The lines of desire are set ablaze with this 80s drama about fidelity and the rules of engagement within (and without) a queer relationship.
LONDON – After a well-received run at London’s King’s Head Theatre, late British playwright Kevin Elyot’s debut play has received a West End transfer. Coming Clean, which premiered at the Bush Theatre in 1982, was landmark for its time with its normalization of a queer relationship, and its issues of fidelity and desire still relevant today.
Directed by Adam Spreadbury-Maher, Coming Clean follows committed couple Tony (Lee Knight) and Greg (Stanton Plummer-Cambridge). In an open relationship, they just have one rule for their external engagements – never sleep with the same man twice. Of course, all this is set to fall apart when gorgeous but unemployed actor Robert (Tom Lambert) comes into their lives. Punning nicely on its title, Robert winds up becoming their cleaner, and things begin to get complicated when both halves of the couple begin to experience intense desires for this young Adonis, leaving their heretofore perfect sexual contract now in jeopardy.
Set designer Amanda Mascarenhas and lighting designer Nic Farman have worked well together to create a welcome atmosphere in our main couple’s living room, domestic and homely with its conformity to a distinctly ’80s aesthetic, from Robert’s Walkman to a record player, bringing us right back to the era. This intimate set is key to endearing us to our protagonists, bringing us closer to the drama and tensions that develop onstage, primarily gleaned from the transition of lust to intimacy in the odd love triangle that develops between Robert, Tony and Greg.
With its setting in the pre-AIDs scare era of the 80s, the fear of death never rears its ugly head to interrupt Coming Clean’s frank and honest discussion of sleeping with others, getting at the emotional aspects of the phenomena. For anyone who’s ever found themselves in a long term relationship (and god knows refers to anything 6 months and above in this day and age of one night stands), the gripes and catty exchanges between Tony and Greg are familiar ones, sharing inside jokes and knowing glances. It’s all too sweet to see Greg excitedly talking about with Knight and Plummer-Cambridge’s chemistry making it all the more believable.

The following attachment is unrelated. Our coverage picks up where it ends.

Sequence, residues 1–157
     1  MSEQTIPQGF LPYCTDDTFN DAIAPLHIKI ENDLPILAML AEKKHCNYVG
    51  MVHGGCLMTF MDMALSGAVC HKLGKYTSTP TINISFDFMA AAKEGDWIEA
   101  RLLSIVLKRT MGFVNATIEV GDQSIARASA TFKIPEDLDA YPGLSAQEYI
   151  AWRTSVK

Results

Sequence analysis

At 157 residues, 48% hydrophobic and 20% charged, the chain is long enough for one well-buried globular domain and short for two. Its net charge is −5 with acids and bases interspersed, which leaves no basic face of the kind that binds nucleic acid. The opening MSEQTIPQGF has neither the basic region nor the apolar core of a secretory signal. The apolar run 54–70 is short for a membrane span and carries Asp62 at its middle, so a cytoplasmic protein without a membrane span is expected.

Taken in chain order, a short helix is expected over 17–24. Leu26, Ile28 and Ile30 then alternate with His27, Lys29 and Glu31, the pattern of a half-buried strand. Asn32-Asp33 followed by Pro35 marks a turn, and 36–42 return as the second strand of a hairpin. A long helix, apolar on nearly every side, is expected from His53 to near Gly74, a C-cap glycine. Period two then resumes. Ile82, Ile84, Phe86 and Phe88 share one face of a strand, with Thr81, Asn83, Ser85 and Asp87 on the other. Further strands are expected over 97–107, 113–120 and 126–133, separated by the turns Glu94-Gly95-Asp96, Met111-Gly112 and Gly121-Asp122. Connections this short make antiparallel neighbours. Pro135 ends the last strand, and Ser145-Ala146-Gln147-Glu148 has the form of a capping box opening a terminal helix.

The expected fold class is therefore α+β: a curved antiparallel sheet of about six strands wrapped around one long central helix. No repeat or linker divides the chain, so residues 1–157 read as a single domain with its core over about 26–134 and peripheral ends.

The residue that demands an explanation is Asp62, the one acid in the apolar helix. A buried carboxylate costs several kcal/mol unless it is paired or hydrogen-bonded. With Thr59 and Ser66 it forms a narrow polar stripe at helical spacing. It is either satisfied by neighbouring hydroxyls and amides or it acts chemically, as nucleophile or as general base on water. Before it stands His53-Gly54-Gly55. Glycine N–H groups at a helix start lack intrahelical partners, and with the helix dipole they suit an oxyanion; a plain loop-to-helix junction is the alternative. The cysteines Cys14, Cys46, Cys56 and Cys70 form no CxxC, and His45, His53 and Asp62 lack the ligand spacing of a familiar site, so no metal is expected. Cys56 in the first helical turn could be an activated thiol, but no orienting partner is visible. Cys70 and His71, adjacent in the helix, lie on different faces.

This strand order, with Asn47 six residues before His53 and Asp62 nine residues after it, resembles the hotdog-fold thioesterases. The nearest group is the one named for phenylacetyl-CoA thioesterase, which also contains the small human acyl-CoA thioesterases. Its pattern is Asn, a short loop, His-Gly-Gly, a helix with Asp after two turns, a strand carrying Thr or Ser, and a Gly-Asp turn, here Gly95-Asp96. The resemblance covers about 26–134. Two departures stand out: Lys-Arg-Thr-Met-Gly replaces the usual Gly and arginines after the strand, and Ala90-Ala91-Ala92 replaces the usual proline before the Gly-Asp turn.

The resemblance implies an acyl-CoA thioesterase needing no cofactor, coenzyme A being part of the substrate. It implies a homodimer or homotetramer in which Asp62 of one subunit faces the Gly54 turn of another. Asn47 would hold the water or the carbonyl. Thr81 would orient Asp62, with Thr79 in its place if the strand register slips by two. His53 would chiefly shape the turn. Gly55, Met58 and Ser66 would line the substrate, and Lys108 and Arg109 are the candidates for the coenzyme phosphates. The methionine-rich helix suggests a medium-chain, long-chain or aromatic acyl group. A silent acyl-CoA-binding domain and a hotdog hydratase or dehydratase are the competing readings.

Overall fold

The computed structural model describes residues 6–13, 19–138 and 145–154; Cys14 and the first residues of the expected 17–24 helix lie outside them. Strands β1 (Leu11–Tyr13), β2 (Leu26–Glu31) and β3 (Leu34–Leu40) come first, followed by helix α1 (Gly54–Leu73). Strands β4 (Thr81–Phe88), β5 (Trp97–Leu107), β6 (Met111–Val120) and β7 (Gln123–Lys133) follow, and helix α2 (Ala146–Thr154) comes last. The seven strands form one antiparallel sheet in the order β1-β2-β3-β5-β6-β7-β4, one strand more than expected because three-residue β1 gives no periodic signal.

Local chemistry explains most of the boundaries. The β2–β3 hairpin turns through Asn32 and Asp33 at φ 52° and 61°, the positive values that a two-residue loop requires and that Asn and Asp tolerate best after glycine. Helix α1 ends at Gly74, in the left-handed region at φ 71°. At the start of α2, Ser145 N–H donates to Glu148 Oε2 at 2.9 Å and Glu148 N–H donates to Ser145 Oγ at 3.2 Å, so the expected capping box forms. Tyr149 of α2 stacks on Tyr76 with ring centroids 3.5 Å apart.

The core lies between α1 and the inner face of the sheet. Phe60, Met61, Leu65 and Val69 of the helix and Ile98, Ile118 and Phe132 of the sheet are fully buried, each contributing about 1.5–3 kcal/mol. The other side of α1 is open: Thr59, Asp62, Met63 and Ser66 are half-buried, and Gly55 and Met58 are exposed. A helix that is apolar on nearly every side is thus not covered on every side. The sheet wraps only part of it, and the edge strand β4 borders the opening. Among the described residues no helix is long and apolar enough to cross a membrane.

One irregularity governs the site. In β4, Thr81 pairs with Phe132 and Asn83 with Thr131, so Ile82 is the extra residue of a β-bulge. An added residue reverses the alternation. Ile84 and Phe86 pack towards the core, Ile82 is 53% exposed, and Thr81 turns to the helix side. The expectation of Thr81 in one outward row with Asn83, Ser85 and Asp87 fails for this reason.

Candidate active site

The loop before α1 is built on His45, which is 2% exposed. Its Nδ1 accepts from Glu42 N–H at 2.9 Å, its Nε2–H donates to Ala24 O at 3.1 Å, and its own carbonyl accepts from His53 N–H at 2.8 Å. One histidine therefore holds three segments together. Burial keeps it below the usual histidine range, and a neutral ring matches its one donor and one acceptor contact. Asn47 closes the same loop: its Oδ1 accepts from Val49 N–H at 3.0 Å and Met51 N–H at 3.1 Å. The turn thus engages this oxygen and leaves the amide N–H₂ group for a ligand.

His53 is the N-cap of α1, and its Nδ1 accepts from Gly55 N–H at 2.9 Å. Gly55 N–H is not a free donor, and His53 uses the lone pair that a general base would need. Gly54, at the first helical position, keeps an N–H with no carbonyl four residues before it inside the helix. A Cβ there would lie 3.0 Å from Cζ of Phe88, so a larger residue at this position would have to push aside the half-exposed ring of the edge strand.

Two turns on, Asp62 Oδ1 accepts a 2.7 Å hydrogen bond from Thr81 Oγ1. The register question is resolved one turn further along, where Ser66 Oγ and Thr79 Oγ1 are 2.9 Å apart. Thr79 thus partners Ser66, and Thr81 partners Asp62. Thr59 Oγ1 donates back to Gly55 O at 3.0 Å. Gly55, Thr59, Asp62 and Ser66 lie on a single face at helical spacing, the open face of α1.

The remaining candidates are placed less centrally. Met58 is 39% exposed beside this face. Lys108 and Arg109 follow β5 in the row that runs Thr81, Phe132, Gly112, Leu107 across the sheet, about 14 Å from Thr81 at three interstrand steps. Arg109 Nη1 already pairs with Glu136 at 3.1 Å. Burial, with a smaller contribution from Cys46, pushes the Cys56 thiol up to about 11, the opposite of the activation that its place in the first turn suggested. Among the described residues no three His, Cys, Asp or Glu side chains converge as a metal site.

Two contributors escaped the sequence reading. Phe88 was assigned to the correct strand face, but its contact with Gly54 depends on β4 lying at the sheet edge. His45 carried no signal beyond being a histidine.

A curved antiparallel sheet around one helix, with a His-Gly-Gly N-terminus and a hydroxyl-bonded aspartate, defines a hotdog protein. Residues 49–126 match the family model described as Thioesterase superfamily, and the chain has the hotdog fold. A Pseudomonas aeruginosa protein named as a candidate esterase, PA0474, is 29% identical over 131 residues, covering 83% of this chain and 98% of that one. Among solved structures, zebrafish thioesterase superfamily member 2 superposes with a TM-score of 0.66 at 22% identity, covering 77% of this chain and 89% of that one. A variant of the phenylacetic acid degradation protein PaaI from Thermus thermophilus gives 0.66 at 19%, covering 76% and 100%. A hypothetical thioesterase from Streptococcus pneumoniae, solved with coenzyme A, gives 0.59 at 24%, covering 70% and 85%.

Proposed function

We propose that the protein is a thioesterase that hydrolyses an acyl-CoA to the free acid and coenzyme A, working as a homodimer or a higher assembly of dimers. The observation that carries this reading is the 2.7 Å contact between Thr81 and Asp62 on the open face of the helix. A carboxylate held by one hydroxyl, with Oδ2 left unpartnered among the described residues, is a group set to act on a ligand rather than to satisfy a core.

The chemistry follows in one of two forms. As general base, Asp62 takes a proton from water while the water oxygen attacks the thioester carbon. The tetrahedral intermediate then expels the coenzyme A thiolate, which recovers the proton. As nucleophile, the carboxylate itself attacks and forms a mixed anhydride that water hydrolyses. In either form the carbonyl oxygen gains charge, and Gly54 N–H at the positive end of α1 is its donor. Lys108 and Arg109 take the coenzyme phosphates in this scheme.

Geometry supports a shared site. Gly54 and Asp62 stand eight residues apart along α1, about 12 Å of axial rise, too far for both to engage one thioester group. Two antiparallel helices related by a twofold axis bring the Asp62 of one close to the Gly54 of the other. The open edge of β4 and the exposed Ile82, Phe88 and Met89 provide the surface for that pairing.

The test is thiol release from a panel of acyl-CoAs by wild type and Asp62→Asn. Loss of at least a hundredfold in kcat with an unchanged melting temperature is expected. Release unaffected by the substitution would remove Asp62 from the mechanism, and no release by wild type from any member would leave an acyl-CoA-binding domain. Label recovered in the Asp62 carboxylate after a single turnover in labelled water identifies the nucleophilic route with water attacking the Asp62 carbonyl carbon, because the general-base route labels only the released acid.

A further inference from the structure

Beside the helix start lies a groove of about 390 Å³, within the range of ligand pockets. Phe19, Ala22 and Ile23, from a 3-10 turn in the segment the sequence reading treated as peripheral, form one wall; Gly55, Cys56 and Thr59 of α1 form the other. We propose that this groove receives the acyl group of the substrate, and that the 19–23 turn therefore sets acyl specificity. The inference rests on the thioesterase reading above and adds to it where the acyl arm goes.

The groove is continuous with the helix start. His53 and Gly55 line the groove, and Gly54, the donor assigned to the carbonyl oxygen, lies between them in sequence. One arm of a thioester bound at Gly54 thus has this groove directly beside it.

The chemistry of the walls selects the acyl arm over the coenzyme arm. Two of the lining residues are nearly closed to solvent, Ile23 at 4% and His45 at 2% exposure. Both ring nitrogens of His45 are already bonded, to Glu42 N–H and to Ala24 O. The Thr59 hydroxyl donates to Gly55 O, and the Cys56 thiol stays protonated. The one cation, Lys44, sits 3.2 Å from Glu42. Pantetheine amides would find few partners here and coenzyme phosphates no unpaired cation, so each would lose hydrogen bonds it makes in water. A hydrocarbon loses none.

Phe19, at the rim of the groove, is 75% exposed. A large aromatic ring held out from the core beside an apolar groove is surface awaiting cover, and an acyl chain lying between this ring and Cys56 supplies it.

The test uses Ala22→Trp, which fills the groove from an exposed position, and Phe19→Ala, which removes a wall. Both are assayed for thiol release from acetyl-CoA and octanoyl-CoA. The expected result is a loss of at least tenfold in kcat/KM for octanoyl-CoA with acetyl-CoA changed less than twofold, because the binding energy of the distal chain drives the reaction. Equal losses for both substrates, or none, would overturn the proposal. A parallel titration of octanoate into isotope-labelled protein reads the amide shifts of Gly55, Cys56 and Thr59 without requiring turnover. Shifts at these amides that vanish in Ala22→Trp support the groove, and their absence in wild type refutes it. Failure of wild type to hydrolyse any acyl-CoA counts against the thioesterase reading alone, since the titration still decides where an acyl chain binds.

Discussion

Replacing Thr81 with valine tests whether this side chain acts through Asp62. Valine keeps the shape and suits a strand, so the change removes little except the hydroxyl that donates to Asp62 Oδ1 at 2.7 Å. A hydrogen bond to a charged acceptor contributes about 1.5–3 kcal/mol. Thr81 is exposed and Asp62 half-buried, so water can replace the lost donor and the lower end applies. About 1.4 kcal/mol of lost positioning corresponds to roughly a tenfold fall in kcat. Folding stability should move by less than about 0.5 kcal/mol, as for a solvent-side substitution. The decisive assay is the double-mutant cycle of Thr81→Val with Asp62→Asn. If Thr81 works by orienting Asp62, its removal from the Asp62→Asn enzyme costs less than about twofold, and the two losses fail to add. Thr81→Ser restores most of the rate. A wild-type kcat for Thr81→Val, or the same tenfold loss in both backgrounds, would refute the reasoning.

In a secondary plot, the couple’s longtime friend William (Elliot Hadley) offers to cook dinner at the couple’s 5 year anniversary party, only to show up late with a bruised face after being assaulted for being queer. Within the play, this is perhaps the most political it gets, reminding audiences that homophobia continues to be well and alive, an ongoing battle that still has yet to end, one we feel emotionally as the cast breaks down and begins crying hearing William’s recount.
Things come to a head when the naked truth is revealed and a passionate, illicit affair with Robert is brought to light. It’s almost devastating to see the once happy couple fall apart so quickly, going from amicable to cold strangers in a matter of moments. At the same time, one completely understands why both Tony and Greg would be tempted by Robert’s natural beauty – youth, after all, is currency in the queer world, and by admiring his beauty, we as the audience are similarly complicit in encouraging such fawning. The pacing with which this unfolds is deliciously arresting, keeping us hanging off every word and scene. To see one half of the couple want to maintain the status quo while the other so brazenly willing to throw it all away is heartwrenching, simply because we know it will never work out.
Coming Clean ends with the vestiges of desire, a sense of longing hanging in the air with the couple miles apart, both emotionally and physically. Coming from the highs of a libido you could feel coursing through the entire theatre to the lows of a painful breakup, Coming Clean lays bare the age-old issues of trust , and the importance of communication communication communication. All relationships go through the hardest of tests, and sometimes, the only way to get through them is to be completely honest with one another, lest it leave behind a mess no amount of cleaning is going to be able to save.
Photo Credit: Paul Nicolas Dyke
Coming Clean played till 2nd February 2019 at Trafalgar Studios, London.